He “started progressively getting a little more weird,” said 17-year-old Dakota Mutchler. Cruz, he said, was selling knives out of a lunchbox, posting on Instagram about guns and killing animals, and eventually “going after one of my friends, threatening her.”

“When someone is expelled,” Mutchler told The Washington Post, “you don’t really expect them to come back. But, of course, he came back.”

Jim Gard, a math teacher at Stoneman Douglas High School, which is named for an icon of the South Florida environmental movement — said he taught the shooting suspect last year.

“I had him almost all year. He just looked like a regular high school kid. Nothing outstanding. He didn’t act up in class, wasn’t loud or boisterous,” Gard said.

But at some point during the school year, Gard said, the school administration sent out a note with a vague suggestion of alarm, asking teachers to keep an eye on Cruz. “I don’t recall the exact message, but it was an email notice they sent out.”

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An Instagram account that appeared to belong to the suspected shooter showed several photos of guns. One appeared to show a gun’s holographic laser sight pointed at a neighborhood street. A second showed at least six rifles and handguns laid out on a bed with the caption “arsenal.” Other pictures showed a box of large-caliber rounds with the caption “cost me $30.” One of the most disturbing appeared to show a dead frog’s bloodied corpse.

Cruz and a half brother were adopted as babies by Lynda and Roger Cruz, according to a relative in New York. Roger died years ago and Lynda died last fall, the relative said. Around Thanksgiving, Nikolas Cruz moved in with the family of a friend from Stoneman Douglas High School, said Jim Lewis, an attorney representing the family.

“The family brought him into their home. They got him a job at the local dollar store. They didn’t see anything that would suggest any violence,” said Lewis, who declined to identify them. “He was depressed, maybe a little quirky. But they never saw anything violent.”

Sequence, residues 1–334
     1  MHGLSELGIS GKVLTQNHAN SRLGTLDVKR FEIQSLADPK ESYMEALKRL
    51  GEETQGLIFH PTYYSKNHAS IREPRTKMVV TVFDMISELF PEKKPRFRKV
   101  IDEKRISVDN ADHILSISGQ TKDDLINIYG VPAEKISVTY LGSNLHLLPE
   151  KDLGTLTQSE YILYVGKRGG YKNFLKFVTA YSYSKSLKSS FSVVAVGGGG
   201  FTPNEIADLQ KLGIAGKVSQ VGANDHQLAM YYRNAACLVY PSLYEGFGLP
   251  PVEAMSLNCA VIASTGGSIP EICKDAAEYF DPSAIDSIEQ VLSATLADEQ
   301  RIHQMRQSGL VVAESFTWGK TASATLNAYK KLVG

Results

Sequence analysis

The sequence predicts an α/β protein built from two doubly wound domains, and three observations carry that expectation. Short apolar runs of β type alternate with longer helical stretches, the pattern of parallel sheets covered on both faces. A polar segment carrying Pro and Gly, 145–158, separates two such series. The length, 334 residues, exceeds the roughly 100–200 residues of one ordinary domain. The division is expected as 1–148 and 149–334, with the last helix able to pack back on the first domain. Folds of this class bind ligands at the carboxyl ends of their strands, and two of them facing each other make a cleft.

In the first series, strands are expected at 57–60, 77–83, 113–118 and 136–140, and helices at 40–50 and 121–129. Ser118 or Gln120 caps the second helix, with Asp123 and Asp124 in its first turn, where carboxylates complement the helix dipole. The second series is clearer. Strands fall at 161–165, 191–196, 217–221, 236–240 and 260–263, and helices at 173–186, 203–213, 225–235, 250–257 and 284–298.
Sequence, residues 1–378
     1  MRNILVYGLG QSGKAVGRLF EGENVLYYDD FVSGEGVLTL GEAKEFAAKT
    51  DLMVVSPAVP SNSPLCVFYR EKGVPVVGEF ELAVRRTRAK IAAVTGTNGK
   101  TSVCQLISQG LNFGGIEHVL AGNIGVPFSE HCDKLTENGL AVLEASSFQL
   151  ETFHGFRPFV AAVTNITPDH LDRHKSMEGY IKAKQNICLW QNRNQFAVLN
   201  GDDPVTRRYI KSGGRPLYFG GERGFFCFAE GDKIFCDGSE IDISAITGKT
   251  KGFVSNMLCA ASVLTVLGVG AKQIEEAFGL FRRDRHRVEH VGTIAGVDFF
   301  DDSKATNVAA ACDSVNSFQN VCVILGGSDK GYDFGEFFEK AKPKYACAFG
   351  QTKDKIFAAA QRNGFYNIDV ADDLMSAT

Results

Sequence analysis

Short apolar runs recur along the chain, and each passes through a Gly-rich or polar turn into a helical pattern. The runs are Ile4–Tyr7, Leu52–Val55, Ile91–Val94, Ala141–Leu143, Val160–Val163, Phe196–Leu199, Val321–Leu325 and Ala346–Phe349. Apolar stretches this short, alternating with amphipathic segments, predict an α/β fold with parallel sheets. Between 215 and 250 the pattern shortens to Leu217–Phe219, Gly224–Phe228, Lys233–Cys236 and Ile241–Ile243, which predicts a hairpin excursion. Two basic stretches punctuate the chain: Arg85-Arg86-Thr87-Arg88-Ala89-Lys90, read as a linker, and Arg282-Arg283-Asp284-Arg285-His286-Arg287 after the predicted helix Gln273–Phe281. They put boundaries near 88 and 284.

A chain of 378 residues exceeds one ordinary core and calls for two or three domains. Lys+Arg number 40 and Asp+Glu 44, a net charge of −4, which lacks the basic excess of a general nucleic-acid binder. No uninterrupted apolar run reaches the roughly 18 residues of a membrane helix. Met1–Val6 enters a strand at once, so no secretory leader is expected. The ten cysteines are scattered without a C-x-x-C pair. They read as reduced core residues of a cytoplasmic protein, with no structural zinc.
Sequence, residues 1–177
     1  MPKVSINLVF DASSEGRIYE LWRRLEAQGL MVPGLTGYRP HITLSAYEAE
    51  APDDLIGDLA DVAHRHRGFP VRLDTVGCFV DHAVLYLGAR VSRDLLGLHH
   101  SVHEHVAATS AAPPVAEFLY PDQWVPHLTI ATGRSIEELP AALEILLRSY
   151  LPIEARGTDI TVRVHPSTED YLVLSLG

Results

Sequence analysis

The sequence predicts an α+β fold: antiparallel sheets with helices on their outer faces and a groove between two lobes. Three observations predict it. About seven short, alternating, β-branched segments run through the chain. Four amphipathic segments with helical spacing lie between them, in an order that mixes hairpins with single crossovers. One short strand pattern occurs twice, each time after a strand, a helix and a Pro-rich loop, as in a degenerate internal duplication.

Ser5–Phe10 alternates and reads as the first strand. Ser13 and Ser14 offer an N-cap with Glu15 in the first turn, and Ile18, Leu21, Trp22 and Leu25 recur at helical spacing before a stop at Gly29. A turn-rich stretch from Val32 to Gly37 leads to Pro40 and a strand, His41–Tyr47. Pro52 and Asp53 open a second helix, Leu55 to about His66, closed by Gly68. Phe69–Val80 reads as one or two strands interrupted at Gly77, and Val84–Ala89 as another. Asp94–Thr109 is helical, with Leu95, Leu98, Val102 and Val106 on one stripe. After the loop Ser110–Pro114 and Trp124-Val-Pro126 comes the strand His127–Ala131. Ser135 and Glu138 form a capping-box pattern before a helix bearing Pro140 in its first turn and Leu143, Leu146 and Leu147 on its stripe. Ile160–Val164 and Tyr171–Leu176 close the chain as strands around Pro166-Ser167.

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Lewis said Cruz already owned the AR-15 rifle when he moved in with the family. “It was his gun. … It was secured in a gun cabinet in the house, but he had the key to it,” Lewis said.

Cruz was enrolled in a program to obtain a GED, Lewis said. But on Wednesday, he didn’t attend it, telling the family something to the effect of “I don’t go to school on Valentine’s Day,” Lewis said.

After the massacre, Ryan Gutierrez, 18, a senior, left Douglas and walked two miles to a 7-Eleven in Coral Springs — the nearest spot where his parents could meet him. Police cars blocked every other road leading to the school.

His parents had already been reunited with his sister, Nicole, a freshman at the school.

As Gutierrez approached, his mom ran up, hugged him hard and started crying. Gutierrez held her tight, comforting her. His father came up and hugged them both.

“This has been so horrible, the most horrible day anyone can imagine,” Gutierrez’s mother, Diana Gutierrez, said, trying to stop her tears. “It’s unreal, just unreal. I still don’t believe it. You don’t think it will ever happen to you and your children.”

Balingit and Berman reported from Washington. David Nakamura, Brian Murphy, Fred Barbash, William Wan, Jennifer Jenkins, Sarah Larimer and Julie Tate in Washington contributed to this report, which has been updated. David Weingrad reported from New York.